The Marriage Bill (2012)

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The Marriage Bill is currently undergoing internal review and stakeholder consultation. It is a Bill for an Act of Parliament that is meant to amend and consolidate the various laws relating to marriage and divorce and for connected purpose. Since the 21st of August 2012, the Commission for the Implementation of the Constitution (CIC) has been holding a plenary to deliberate on the Family Law Bills. The Plenary is amongst the final stages of deliberations before the bills are transmitted to the Attorney General for publication. This follows the incorporation into the bills the views expressed by the participants at various forums as well as those received in writing.

Among the key laws that the Commission for the Implementation of the Constitution, CIC received following the swearing in of Commissioners in January 2011 was the Family Law Bills (The Marriage Bill, The Matrimonial Property Bill and The Protection against Domestic Violence Bill). The Family Law Bills give effect to Article 45 of the Constitution which provides for family.

In the review process, CIC has facilitated stakeholder participation through technical and stakeholder forums, public forums in different counties and more recently a meeting with religious leaders and community elders to discuss the provisions on the Family Law Bills. The meeting brought together community elders from the Maasai, Gusii, Pokot, Ogiek and Kuria Communities as well as religious leaders from various denominations within the Christian Faith, Muslim, Hindu and Baha'i religious groups.

Among the key provisions that formed the basis for discussion in the various forums included but not limited to:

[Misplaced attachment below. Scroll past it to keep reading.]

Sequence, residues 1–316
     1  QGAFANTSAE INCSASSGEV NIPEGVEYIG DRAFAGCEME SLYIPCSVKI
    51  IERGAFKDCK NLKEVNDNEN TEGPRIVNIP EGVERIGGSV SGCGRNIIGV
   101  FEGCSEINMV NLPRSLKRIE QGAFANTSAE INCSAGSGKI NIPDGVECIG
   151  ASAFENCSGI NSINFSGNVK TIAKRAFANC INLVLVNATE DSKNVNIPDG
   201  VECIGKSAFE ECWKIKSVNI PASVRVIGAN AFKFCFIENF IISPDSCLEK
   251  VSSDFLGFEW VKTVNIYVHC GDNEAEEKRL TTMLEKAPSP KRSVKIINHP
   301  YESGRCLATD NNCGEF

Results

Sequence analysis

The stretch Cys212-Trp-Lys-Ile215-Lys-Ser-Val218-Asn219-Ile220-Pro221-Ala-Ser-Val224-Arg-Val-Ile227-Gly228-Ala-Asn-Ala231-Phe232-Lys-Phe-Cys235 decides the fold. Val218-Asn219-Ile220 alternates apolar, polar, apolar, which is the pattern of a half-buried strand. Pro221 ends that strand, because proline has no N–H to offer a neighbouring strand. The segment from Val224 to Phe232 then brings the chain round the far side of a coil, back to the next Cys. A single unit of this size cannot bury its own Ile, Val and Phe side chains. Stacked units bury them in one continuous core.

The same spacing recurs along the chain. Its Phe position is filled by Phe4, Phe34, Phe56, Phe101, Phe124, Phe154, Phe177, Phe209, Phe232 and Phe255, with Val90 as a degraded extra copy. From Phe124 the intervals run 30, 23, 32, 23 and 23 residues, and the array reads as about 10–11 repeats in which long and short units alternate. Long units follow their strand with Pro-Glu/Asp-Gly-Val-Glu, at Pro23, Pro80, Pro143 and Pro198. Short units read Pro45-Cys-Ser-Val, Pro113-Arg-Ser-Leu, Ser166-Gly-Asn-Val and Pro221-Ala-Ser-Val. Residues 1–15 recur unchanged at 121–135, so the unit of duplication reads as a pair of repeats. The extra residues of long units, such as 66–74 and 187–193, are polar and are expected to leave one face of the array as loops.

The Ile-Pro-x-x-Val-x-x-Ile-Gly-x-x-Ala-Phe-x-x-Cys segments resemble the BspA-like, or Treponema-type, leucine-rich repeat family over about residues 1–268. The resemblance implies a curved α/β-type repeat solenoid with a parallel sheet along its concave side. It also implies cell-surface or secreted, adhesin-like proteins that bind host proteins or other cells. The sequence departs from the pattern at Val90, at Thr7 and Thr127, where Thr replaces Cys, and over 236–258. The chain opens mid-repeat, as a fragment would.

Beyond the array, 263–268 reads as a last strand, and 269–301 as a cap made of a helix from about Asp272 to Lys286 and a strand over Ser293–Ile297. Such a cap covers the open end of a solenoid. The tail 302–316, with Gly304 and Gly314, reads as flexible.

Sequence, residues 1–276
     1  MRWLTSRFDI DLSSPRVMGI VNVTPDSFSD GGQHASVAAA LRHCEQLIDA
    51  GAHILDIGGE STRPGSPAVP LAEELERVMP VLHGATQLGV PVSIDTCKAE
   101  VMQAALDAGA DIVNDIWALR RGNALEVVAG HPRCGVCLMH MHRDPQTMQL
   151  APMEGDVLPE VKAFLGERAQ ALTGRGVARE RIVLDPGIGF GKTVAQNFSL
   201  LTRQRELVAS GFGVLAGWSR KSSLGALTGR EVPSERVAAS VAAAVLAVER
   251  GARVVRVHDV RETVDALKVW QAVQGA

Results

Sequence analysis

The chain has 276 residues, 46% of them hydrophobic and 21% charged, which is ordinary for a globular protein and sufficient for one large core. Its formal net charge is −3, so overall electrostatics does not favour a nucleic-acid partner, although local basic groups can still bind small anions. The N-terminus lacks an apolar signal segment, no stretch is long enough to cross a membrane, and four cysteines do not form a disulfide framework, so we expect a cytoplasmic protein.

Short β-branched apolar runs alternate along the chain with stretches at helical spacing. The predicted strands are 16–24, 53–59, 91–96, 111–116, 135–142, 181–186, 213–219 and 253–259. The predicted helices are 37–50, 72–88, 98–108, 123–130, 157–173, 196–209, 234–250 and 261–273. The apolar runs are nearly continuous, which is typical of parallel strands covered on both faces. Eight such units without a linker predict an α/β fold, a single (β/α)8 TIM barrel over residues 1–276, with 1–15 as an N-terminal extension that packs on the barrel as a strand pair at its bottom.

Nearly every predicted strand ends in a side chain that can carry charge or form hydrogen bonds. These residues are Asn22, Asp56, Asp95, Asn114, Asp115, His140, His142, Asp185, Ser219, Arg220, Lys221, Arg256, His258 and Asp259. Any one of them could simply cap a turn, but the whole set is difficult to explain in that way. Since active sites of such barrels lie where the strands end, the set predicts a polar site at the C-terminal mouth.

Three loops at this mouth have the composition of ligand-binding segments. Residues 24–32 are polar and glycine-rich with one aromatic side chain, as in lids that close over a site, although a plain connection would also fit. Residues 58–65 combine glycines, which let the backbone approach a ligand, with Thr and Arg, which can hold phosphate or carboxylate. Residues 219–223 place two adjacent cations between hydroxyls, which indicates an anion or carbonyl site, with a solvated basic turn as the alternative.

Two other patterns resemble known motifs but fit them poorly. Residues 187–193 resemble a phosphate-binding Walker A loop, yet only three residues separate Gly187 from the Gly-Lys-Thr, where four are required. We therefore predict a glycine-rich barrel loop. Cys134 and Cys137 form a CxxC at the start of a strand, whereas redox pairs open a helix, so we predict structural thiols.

1. Whether or not to retain the practice of Dowry Payment: The debate relating to payment of dowry was based on whether the law should provide for dowry payment as a compulsory measure. This was in light of the fact that article 45 of the Constitution recognizes marriages concluded under traditional system of which payment of dowry is one such recognized customary practice.
  2. Polygamous marriages: While the participants acknowledged the polygamous nature of some of the marriage systems, the push towards legislating for a system that will subsequently ensure implementation of monogamous marriages was evidenced by arguments put forward including reference to the Protocol on the African Charter on Human and People's Rights on the Rights of Women in Africa (Maputo Protocol) article 6 which provides that "monogamy is encouraged as the preferred form of marriage and that the rights of women in marriage and family, including in polygamous marital relationships are promoted and protected."
  3. Presumption of Marriage: Participants debated upon the provision on presumption of marriage arguing that recognition of cohabitation as a system of marriage where two parties have cohabited for two years and acquired the reputation of being husband and wife, as being contrary to religious teachings of marriage as a sacred covenant that can only be accorded by taking the vows of marriage. It was also proposed that presumption of marriage could be retained but protection measures put in place to protect the husband or wife from exploitation by either spouse.
  4. Protection of Family "members" against domestic violence: The participants also debated upon the scope of persons or members of the family that should be covered in protected by the law on protection against domestic violence.

It is our responsibility to ensure that social stability as well as economic development is protected by ensuring that the legislation passed promotes families as the building blocks of Kenyan society. This will promote democracy and good governance.